(i) is a registered charge or subject of a notice in the register, (ii) falls within any of the paragraphs of Schedule 3, or

(iii) appears from the register to be excepted from the effect of registration.

This section, at first glance, appears to indicate that land title is conclusive to a purchaser, even when there is forgery. This would support the New Zealand approach of immediate indefeasibility.28

However on closer examination it is clear that this section substantially differs.

(a) Overriding Interests

Elaborating on section 29(2)(a)(ii), the paragraphs listed in schedule 329

26 LRA 2002, s 58 (1): If, on the entry of a person in the register as the proprietor of the legal estate, the legal estate would not otherwise be vested in him, it shall be deemed to be vested in him as a result of the registration. (2) Subsection (1) does not apply... in which some other registration requirement remains to be met (these requirements are specified in schedule 2, it is not necessary to examine these at all in this paper).

27 Previously LRA 1925, s 20. LRA 2002, s 30 is identical to the provisions in s 29 and relates to charges (mortgages).

28 Immediate indefeasibility will be explained below.

29 LRA 2002, schedule 3, these overriding interests include: (1) leasehold estates in land

are unregistered interests which override registered dispositions. The special protection given to these is the most controversial and fundamental difference that emerges between the paramount statutory provisions of New Zealand and England. Gray and Gray describe overriding interests as, ‘a crack in the mirror from which the Land Register is meant to reflect’30 as this is a total exception to the normal registration principles. The effect of overriding interests is that they are binding and enforceable against the registered proprietor or a subsequent registered proprietor,31 regardless of whether they are registered on the title, and even if there is no knowledge of their existence. This means that purchasers may be in for a ‘nasty shock’ if they fail to inspect the property and make appropriate enquiries.32

Two conditions must be established before any overriding interests are to take effect. First, the interest must subsist ‘immediately before the disposition’ and affect the estate subject to the disposition.33 Secondly, priority must be protected at the time of registration as an unregistered interest falling within one of the categories in schedule 3. The most significant of the overriding interests in schedule 3, which can directly impact on how priorities are determined when there is a fraudulent transfer or when recognising an unregistered third party’s interest, is the protection given to a person in actual occupation of property. The other overriding interests are of less significance to this paper so will not be examined in detail.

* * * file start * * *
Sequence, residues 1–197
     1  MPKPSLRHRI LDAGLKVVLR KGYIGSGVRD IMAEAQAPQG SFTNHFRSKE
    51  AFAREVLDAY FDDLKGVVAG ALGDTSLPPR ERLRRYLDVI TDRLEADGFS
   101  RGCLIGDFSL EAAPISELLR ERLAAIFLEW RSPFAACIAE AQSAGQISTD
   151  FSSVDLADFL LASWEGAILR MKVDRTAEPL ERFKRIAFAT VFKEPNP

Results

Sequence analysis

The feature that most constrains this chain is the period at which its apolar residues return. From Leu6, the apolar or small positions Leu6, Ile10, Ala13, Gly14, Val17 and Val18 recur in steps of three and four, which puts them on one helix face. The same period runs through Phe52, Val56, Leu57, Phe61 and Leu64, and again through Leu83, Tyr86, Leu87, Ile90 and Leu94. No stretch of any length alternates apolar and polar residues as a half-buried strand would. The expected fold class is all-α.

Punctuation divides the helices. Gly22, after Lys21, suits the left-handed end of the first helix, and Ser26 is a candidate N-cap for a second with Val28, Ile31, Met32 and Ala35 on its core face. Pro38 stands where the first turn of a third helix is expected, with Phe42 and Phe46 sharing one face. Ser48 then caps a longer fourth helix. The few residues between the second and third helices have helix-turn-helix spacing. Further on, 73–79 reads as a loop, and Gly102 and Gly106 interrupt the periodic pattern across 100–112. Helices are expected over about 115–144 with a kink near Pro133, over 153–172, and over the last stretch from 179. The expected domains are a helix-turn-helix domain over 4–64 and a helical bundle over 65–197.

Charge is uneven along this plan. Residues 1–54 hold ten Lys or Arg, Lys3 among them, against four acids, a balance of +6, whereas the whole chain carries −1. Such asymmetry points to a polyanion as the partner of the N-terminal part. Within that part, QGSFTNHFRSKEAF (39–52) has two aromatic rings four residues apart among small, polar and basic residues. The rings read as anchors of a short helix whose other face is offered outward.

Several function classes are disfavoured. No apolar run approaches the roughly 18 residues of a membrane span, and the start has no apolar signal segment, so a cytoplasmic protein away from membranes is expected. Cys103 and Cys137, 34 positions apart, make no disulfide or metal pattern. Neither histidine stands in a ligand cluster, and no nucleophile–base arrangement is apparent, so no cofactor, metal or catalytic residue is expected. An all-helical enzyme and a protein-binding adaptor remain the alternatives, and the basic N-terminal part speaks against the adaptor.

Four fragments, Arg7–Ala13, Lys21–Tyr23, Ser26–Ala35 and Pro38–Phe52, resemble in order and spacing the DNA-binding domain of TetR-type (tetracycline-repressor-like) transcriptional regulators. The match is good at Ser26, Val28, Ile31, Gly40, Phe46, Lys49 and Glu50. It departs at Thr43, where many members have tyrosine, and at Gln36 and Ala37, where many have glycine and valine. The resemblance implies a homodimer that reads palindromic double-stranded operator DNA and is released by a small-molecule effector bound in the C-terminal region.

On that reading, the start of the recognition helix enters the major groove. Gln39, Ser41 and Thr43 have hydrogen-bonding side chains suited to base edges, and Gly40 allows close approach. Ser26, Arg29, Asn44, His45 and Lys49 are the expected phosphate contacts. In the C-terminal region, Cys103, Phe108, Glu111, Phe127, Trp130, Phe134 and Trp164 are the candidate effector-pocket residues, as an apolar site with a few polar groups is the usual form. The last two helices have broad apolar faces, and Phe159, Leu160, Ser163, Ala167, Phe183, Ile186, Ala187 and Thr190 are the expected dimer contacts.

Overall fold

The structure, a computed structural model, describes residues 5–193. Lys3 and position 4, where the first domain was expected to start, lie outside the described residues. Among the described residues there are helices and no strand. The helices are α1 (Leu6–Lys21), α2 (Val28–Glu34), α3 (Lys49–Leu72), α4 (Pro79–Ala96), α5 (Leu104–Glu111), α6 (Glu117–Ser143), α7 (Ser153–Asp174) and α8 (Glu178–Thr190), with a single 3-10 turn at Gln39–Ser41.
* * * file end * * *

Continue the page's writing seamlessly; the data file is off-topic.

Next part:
not exceeding seven years; (2) interests of persons in actual occupation; (3) easements and profits a prendre; (4) customary and (5) public rights; (6) local land charges; (7)-(9) mines and mineral interests; (10)-(14) five miscellaneous provisions (franchise, manorial right, right to rent which was reserved to the Crown, non-statutory right in respect of an embankment or sea or river wall and a right to payment in lieu of tithe). Guidance on the operation of overriding principles in the LRA 2002 can be derived from case law relating to the LRA 1925.

30 K Gray & S F Gray, Elements of Land Law (4th ed, 2005).

31 LRA 2002, schedule 3(2). Previously, LRA 1925 s 70(1)(g); Law Commission and HM Land Registry, Land Registration for the Twenty-first Century: a Conveyancing Revolution, No. 271 (London, 2001) para 8.55.

32 S Cretney & G Dworkin, ‘Rectification and Indemnity: Illusion and Reality’ [1968] 84

LQR 528.

33 LRA 2002, schedule 3.

(b) A Proprietor in ‘Actual Occupation’

An essential preliminary question to consider is in what circumstances can a proprietor in England claim the protection of being in actual occupation of property? It is worth examining this issue separately as this will significantly impact on the three fundamental questions which will be subsequently discussed. To be in ‘actual occupation’ two elements must be established: that the claimant has an interest in the land; and that they are in actual occupation at the date of the disposition.34 A useful ‘mathematical’ formula is provided by Gray and Gray:35

‘Interest’ + ‘Actual Occupation’ – ‘Inquiry’

= ‘Interest which overrides’

An ‘interest’ is restricted to a normal proprietary interest in the land (not personal rights). These are rights capable of enduring through different ownerships, according to nominal conceptions of title to real property.36 The specific interests that are capable of binding a registered proprietor will be listed below, mainly when considering the third question.

It is important to note though, that it is the rights of the occupier that are protected by the status of being an overriding disposition, not the occupation itself.37 Occupation without an interest does not create an overriding interest.38 Occupancy has thus been described as a ‘trigger’ which activates the statutory protection of the occupier’s rights.39 A successful claim does not automatically mean the claimant is entitled to a right of occupation in the property either. In some situations there may be this right while in others, the interest which overrides is completely unrelated to actual occupation.

34 LRA 2002, schedule 3(2). The issue of priority is decided at the time of the completion of the purchase, not registration.

35 K Gray & S F Gray, Elements of Land Law (4th ed, 2005).

36 National Provincial Bank Ltd v Hastings Car Mart Ltd [1964] Ch 655 at 696 per Russell LJ.